NAVTEX is a system to deliver local weather reports and navigational warnings to ships operating in coastal areas. Certain ships are required to have NAVTEX receivers as part of their mandatory equipment. These are dedicated units, and usually have lcd displays and printing ability - allowing automatic reception. These units often include special features to avoid receiving duplicate messages, and to reject messages of lesser importance.
But you can also receive NAVTEX data using a ssb capable receiver and either a hardware or software decoder to decode the audio tones into text. Tuning the receiver accurately is paramount to receive quality data, although with modern computer decoders, the audio frequencies that are sampled for data can be adjusted to match the incoming signal.
NAVTEX is broadcast worldwide on 518 kHz using a data mode called SITOR-B (amateur radio operators might recognise it as AMTOR). It's 7 unit data with forward error correction (FEC) using 100 Baud 170 Hz Frequency Shift Keying (FSK), with the centre frequency being 1700 Hz.
In Europe, 490 kHz is also used for NAVTEX, primarily to allow stations to transmit non-English messages, or for greater repetition of messages.
NAVTEX stations transmit on a four-hourly cycle, apart from urgent messages which are transmitted immediately. This allows many stations to share the same frequency, without causing undue interference. Nearly all transmissions are in English.
The service range of NAVTEX stations is generally 100 to 500 nautical miles. But with good receiving aerials, and suitable propagation, stations can be received from much further afield. For instance the East Coast of North America, the Caribbean and the Middle East are not unusual during hours of darkness.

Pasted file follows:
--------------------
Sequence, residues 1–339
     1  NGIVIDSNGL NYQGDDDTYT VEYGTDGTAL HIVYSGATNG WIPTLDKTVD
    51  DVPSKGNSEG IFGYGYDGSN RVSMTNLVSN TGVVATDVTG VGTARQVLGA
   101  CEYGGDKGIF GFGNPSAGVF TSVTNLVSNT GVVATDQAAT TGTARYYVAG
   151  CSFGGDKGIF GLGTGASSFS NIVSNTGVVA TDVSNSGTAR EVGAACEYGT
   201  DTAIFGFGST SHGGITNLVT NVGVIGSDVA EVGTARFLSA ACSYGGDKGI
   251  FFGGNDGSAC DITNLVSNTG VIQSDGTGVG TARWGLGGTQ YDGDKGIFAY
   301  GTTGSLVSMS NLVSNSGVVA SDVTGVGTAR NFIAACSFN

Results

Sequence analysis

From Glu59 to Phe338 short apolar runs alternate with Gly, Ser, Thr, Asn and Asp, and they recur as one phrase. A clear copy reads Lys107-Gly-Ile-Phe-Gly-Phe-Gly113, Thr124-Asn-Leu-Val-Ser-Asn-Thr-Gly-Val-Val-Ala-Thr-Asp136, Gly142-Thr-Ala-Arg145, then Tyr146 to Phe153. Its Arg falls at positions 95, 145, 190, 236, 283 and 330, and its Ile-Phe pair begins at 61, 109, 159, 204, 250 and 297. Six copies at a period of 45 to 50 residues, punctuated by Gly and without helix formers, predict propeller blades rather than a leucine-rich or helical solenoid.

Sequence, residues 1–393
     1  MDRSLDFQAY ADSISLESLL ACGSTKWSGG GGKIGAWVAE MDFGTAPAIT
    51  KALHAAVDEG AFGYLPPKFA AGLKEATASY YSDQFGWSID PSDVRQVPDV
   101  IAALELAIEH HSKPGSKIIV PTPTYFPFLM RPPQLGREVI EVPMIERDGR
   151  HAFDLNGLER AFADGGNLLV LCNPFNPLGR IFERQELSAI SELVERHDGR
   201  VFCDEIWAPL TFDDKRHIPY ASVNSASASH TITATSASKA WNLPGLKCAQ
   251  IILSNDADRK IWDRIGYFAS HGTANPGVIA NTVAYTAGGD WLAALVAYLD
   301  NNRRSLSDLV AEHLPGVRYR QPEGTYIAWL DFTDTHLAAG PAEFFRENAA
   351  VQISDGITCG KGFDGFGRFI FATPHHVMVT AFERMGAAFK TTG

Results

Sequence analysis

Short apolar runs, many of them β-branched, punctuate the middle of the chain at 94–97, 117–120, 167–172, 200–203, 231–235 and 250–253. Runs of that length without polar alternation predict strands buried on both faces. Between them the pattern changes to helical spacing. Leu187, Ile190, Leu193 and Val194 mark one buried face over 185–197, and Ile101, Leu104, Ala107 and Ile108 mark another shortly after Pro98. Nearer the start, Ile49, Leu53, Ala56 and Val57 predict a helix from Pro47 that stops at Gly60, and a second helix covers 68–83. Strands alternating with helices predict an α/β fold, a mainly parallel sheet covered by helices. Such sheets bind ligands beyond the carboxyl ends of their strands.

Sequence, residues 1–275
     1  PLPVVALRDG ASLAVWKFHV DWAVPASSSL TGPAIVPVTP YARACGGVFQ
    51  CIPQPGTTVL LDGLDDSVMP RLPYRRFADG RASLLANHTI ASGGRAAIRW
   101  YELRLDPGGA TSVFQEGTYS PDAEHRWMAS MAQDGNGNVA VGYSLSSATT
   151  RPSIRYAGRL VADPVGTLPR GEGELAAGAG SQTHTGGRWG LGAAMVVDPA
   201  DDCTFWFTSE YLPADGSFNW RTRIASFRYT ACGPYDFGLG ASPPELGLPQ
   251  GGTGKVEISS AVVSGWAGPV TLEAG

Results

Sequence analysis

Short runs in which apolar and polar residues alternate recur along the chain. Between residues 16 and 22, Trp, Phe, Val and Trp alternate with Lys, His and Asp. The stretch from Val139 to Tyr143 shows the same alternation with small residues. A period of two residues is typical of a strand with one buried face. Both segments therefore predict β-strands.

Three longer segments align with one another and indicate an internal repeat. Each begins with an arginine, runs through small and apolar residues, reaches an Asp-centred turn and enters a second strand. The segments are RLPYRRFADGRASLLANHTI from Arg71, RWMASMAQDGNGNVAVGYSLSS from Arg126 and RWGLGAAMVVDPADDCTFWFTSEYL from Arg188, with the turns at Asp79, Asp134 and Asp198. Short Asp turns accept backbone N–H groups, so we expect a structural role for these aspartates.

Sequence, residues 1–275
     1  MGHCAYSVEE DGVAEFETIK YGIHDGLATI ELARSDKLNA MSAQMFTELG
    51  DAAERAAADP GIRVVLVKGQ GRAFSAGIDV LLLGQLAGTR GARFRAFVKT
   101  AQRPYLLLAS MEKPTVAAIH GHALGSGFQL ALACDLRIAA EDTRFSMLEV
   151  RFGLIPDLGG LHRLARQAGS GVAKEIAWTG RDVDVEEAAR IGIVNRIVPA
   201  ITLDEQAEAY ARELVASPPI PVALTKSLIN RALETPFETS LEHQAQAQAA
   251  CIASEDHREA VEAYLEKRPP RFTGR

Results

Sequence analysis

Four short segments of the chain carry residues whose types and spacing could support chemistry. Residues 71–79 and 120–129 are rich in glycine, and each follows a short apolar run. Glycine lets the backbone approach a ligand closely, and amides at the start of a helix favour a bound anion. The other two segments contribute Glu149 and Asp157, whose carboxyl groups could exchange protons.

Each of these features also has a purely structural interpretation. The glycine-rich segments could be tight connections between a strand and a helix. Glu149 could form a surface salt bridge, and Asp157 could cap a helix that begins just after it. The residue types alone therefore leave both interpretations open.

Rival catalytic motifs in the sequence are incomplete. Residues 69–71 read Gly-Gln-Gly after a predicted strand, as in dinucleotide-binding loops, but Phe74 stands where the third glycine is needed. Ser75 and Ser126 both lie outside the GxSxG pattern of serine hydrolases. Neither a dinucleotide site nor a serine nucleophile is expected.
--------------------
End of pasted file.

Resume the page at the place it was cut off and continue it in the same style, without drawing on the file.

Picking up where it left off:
NAVTEX stations transmit in a 10 minute slot on a 4 hourly cycle ... except for urgent messages (such as Mayday alerts and gale warnings) ... and here is a chart which shows the 4 hourly cycle.
NAVTEX stations do verify reception reports with QSL cards or letters.
March 17, 2002:
Software - Tried out (and bought) the shareware SeaTTY software program from DXSoft. This software runs under Windows and just requires an audio feed from the receiver to the PC's sound card. As well as NAVTEX, it also decodes RTTY. It saves a daily "raw text" log of everything it decodes, and for NAVTEX it also parses the data for the start of message sequence - ZCZC - and end of message sequence - NNNN - and creates an individual date/time stamped text file containing the message. Other software packages available from DXSoft are TrueTTY and CWGet.
Last update: Wed Sept 6, 2006 05:15 GMT